Win the battle, lose the (class) war?

22 04 2010

Thomas Fuller of the New York Times, who had a really very good story from Khon Kaen in the northeast last week, now comments on the blocking of an army train and a motorized convoy  traveling south. Fuller begins by noting that the actions in Khon Kaen are further evidence of “the Thai government’s weakening control of the populous hinterland.”

The protesters feared that the soldiers and equipment were to be used in a crackdown on the red shirts. “[T]hey demanded that 10 red shirt protesters be allowed to accompany the train to ensure that it was not bound for Bangkok” as claimed by the government.

Fuller adds that “red shirts have garnered widespread support and sympathy in Thailand’s vast northeastern rice-growing hinterland, including among local officials, the military and police.” Indeed, the information on the troop and equipment movements in Khon Kaen came from “military wives.”

Writing of the crackdown, Fuller observes that such action “could also have wider consequences across the country.”

Are the rich and establishment figures aware of this? Perhaps they are because the Thai Baht seems to remain strong. That would seem counter-intuitive. Or are the rich buying dollars and other currencies as future insurance? The baht was 32.2 against the USD today, compared with 32.2 on 11 April, 32.7 on 11 March (before the red shirt rallies began) and 33.0 on 11 January. [Update: Yes we realize this is a dumb undergraduate error and that this explanation would mean a falling baht…. apologies for being economically illiterate.]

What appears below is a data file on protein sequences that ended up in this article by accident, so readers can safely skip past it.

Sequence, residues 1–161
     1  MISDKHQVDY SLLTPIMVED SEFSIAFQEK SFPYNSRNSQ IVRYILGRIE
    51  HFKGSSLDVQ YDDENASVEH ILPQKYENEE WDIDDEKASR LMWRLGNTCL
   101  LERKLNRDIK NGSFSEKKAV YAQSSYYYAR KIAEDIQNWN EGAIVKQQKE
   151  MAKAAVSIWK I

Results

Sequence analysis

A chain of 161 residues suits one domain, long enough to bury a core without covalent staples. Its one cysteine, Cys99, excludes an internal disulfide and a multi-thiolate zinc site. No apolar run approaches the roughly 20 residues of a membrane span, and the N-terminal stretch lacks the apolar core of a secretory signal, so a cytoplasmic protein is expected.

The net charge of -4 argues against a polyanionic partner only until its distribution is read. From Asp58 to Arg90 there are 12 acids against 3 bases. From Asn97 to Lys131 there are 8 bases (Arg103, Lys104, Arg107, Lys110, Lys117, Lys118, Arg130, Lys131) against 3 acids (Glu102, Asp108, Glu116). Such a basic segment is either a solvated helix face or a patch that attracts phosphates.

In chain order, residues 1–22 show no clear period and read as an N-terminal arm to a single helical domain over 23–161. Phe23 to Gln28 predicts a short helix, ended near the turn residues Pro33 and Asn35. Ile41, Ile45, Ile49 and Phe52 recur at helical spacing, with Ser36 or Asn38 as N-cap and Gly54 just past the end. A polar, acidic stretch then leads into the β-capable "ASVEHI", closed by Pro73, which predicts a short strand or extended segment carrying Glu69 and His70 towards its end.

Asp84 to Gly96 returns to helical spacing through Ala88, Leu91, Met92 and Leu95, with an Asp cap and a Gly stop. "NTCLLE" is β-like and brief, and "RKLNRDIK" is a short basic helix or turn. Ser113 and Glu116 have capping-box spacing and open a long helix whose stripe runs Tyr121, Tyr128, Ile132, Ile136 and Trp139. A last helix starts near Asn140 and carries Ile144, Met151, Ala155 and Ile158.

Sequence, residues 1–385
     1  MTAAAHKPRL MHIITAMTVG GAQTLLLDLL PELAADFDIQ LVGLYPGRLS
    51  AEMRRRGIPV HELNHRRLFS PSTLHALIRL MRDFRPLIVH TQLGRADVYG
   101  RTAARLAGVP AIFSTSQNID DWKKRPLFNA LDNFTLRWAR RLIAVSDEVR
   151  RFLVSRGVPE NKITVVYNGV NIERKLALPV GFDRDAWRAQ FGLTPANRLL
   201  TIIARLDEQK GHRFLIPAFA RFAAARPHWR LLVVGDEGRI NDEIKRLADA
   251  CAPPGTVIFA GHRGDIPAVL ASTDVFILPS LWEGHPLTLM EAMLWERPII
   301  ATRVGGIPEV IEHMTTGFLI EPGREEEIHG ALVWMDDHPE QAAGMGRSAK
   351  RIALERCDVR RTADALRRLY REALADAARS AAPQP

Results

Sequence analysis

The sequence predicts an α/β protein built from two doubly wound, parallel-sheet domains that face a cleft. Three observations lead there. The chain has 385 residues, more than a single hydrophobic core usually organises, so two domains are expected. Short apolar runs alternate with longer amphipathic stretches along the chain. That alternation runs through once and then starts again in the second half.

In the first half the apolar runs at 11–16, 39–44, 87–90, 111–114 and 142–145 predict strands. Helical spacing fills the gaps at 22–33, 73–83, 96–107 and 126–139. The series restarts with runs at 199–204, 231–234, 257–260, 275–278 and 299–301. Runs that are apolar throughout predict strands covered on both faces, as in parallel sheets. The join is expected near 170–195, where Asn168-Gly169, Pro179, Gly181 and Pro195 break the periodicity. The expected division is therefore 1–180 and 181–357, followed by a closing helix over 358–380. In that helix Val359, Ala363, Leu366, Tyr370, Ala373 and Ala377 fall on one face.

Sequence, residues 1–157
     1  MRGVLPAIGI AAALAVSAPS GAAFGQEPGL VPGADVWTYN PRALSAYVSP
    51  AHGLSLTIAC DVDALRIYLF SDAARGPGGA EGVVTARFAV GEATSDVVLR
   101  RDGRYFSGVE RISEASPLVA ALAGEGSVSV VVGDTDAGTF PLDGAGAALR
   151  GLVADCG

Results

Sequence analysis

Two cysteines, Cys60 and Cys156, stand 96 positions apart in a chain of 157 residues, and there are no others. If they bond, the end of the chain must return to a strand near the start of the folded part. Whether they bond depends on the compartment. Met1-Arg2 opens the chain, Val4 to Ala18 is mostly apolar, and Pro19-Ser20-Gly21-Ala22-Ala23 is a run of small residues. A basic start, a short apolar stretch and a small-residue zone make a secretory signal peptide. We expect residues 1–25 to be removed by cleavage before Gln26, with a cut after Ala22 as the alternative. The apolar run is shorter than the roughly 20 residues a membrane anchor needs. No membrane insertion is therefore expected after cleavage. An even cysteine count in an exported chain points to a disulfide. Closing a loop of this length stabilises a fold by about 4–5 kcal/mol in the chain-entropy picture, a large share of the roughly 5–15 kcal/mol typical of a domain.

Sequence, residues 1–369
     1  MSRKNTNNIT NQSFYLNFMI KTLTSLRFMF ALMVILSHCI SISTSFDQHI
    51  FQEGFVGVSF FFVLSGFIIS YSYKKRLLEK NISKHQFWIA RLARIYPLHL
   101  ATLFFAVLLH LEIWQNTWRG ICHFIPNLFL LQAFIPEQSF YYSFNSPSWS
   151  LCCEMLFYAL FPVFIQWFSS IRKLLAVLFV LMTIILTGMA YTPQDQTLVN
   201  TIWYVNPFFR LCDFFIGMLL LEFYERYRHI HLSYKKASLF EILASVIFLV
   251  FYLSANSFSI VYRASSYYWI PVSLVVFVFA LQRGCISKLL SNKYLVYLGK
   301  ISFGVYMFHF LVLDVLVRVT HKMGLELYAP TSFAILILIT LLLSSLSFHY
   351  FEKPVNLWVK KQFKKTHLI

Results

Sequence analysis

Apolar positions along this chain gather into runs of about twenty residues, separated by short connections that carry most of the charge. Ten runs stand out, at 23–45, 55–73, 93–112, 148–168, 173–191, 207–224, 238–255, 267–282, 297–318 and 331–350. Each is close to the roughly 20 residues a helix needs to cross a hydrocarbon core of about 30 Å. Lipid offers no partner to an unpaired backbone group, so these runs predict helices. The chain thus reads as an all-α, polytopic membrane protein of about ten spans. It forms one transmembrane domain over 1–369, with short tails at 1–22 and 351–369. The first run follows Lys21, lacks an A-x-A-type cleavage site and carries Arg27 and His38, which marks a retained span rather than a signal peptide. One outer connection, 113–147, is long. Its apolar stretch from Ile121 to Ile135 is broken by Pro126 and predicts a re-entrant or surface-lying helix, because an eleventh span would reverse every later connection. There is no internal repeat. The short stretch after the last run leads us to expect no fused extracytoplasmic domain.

Any other suggestions on why the baht remains high while the SET was is at 761 today against 801 on 2 April.



One response

27 04 2010
The rising baht « Political Prisoners in Thailand

[…] earlier post made an undergraduate economics error when we asked if the baht was being sold and this was keeping […]

%d bloggers like this: